Why did Robin Williams commit suicide?
A star has fallen, not the first, not the last, but this one is so special. Yes I say “is” and not was, because he will be alive forever, in our hearts and in our memories.
We grew up watching his movies, identifying ourselves to this wonderful man. It was enough to see his name as an crore in any movie to make it one of the best.
Robin Williams died at age 63. Too early for someone as brilliant,loved and successful as him. There are multiple reports that he took his own life. If true, and there is no reason to doubt the reports, he succumbed to depression.
Williams was so multi-talented and so brilliantly funny that it is hard for most of us to imagine him sad, much less depressed.
Part of it, of course, is that he was a movie star, far removed from our “normal” lives. But it is not only his celebrity status that makes Williams’s depression hard to imagine. It’s also that his energy level always seemed higher than that of anyone else.
The news of Robin Williams appearing all over the internet the last two days recall not only his humor but also his cocaine and alcohol addictions, as well as his pain and depression. In many ways, Williams is a tragic reminder that appearances can be deceiving and that even humor—especially humor—can be used as a mask that shields both the wearer and those around him, from the pain underneath.
Dr Alex Lickerman from “psychology today” magazine, had posted previously an article about suicide citing the 6 following reasons why people attempt suicide:
1) They’re depressed.
This is without question the most common reason people commit suicide. Severe depression is always accompanied by a pervasive sense of suffering as well as the belief that escape from it is hopeless. The pain of existence often becomes too much for severely depressed people to bear. The state of depression warps their thinking, allowing ideas like “Everyone would all be better off without me” to make rational sense. They shouldn’t be blamed for falling prey to such distorted thoughts any more than a heart patient should be blamed for experiencing chest pain: it’s simply the nature of their disease. Because depression, as we all know, is almost always treatable, we should all seek to recognize its presence in our close friends and loved ones. Often people suffer with it silently, planning suicide without anyone ever knowing. If you suspect someone might be depressed, don’t allow your tendency to deny the possibility of suicidal ideation prevent you from asking about it.
2) They’re psychotic.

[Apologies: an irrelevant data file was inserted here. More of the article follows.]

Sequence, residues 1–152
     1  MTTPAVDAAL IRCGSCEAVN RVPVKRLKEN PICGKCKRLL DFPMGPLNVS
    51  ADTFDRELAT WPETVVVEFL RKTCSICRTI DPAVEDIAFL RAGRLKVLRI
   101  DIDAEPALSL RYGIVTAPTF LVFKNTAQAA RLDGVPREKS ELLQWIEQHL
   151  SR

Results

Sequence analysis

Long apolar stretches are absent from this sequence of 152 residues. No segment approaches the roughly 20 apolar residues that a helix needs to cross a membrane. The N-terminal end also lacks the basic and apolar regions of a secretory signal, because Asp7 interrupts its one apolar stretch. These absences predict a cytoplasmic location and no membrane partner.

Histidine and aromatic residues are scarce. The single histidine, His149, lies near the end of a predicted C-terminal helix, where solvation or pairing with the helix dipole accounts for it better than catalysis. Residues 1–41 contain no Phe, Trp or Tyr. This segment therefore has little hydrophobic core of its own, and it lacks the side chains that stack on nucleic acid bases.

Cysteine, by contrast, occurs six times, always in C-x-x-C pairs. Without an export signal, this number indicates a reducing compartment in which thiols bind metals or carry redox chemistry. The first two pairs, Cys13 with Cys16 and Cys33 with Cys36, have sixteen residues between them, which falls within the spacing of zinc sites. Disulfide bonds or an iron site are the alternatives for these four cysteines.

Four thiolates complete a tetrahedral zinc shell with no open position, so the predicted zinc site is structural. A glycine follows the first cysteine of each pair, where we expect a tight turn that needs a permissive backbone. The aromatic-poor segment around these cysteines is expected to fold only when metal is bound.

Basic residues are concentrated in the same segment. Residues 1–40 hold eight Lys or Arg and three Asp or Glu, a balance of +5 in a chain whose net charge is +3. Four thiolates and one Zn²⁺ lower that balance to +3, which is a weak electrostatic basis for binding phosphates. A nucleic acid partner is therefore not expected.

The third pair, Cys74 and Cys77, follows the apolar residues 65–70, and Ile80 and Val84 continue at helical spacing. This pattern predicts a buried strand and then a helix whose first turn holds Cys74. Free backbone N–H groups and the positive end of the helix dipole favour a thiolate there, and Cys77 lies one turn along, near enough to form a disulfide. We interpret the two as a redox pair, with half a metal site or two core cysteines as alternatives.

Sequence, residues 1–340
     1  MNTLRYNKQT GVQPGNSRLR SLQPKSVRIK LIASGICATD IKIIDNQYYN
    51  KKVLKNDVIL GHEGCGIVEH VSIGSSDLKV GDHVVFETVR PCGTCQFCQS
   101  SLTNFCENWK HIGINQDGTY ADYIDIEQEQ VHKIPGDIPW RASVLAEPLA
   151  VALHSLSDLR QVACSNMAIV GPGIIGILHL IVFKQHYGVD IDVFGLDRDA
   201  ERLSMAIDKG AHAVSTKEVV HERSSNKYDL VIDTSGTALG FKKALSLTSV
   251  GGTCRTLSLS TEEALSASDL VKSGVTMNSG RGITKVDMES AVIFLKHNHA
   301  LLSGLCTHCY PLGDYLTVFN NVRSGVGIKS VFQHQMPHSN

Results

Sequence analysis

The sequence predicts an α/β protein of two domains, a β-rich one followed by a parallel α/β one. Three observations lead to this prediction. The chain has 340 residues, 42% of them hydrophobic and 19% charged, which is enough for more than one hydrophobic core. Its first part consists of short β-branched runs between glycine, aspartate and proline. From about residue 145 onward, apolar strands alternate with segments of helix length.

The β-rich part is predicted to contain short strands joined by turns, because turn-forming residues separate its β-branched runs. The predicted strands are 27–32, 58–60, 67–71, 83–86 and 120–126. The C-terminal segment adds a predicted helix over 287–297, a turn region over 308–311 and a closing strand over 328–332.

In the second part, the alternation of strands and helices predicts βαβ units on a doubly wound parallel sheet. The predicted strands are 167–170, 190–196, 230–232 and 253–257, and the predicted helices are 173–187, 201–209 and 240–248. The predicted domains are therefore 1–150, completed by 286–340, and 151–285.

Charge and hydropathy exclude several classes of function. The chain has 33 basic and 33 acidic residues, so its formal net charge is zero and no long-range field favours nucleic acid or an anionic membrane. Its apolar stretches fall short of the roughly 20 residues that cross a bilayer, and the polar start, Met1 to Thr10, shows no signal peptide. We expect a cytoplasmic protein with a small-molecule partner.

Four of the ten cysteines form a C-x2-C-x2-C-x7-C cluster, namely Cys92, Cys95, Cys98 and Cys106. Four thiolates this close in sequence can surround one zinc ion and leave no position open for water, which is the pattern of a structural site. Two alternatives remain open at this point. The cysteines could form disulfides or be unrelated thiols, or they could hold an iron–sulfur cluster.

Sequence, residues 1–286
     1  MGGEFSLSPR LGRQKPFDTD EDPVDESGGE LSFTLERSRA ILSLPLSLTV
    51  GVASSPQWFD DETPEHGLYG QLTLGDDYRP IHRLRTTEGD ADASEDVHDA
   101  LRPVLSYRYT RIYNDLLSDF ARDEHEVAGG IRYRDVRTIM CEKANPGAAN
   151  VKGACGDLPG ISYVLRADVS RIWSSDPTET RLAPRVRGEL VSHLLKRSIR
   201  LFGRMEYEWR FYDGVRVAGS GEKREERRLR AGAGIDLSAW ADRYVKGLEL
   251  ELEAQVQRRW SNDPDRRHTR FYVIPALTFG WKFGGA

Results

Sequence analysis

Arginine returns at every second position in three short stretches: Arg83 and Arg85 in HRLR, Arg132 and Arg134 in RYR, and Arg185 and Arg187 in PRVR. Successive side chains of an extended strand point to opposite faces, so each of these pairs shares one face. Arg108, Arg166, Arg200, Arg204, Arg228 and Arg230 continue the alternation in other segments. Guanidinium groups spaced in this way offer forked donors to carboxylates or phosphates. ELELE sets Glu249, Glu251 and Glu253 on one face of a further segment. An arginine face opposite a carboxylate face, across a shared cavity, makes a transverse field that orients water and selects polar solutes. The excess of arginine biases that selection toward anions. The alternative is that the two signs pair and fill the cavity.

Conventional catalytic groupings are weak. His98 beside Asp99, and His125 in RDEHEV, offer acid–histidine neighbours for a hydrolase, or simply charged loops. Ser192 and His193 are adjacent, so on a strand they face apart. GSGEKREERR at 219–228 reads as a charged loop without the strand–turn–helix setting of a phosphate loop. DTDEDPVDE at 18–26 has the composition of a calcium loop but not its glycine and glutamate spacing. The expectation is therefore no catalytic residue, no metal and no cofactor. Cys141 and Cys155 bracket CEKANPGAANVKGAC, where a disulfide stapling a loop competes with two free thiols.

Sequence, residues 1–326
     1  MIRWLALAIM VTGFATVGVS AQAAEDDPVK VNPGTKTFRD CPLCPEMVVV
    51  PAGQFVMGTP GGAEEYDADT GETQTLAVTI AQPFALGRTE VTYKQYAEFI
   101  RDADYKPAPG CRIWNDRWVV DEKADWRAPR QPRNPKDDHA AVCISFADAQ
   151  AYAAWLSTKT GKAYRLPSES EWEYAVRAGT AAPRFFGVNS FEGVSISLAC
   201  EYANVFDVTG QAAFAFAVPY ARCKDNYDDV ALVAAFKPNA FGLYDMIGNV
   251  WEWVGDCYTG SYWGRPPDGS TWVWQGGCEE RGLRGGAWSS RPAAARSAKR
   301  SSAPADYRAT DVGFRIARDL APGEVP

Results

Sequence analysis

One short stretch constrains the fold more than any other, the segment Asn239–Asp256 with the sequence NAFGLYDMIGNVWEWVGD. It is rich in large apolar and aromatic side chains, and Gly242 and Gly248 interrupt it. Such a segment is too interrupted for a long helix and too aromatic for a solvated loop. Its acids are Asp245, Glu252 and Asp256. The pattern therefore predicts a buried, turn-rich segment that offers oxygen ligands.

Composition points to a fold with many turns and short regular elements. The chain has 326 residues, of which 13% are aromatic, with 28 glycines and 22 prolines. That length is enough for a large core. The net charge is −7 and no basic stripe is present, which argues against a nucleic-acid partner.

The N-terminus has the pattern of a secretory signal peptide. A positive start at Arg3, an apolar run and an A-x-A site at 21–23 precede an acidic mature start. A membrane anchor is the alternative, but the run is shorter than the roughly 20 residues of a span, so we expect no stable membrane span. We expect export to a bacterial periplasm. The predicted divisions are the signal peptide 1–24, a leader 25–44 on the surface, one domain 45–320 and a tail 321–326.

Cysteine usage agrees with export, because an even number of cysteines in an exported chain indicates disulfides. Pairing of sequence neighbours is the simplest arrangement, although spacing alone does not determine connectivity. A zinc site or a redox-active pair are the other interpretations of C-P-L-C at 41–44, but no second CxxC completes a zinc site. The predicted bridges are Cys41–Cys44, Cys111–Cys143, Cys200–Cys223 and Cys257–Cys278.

Malevolent inner voices often command self-destruction for unintelligible reasons. Psychosis is much harder to mask than depression, and is arguably even more tragic. The worldwide incidence of schizophrenia is 1% and often strikes otherwise healthy, high-performing individuals, whose lives, though manageable with medication, never fulfill their original promise. Schizophrenics are just as likely to talk freely about the voices commanding them to kill themselves as not, and also, in my experience, give honest answers about thoughts of suicide when asked directly. Psychosis, too, is treatable, and usually must be treated for a schizophrenic to be able to function at all. Untreated or poorly treated psychosis almost always requires hospital admission to a locked ward until the voices lose their commanding power.
3) They’re impulsive.
Often related to drugs and alcohol, some people become maudlin and impulsively attempt to end their own lives. Substance abuse and the underlying reasons for it are generally a greater concern in these people and should be addressed as aggressively as possible.
4) They’re crying out for help, and don’t know how else to get it.
These people don’t usually want to die but do want to alert those around them that something is seriously wrong. They often don’t believe they will die, frequently choosing methods they don’t think can kill them in order to strike out at someone who’s hurt them, but they are sometimes tragically misinformed. The prototypical example of this is a young teenage girl suffering genuine angst because of a relationship, either with a friend, boyfriend, or parent, who swallows a bottle of Tylenol, not realizing that in high enough doses Tylenol causes irreversible liver damage.
5) They have a philosophical desire to die.
The decision to commit suicide for some is based on a reasoned decision, often motivated by the presence of a painful terminal illness from which little to no hope of reprieve exists. These people aren’t depressed, psychotic, maudlin, or crying out for help. They’re trying to take control of their destiny and alleviate their own suffering, which usually can only be done in death. They often look at their choice to commit suicide as a way to shorten a dying that will happen regardless.
6) They’ve made a mistake.
This is a recent, tragic phenomenon in which typically young people flirt with oxygen deprivation for the high it brings and simply go too far. The only defense against this, it seems to me, is education.
The wounds suicide leaves in the lives of those left behind by it are often deep and long lasting. The apparent senselessness of suicide often fuels the most significant pain.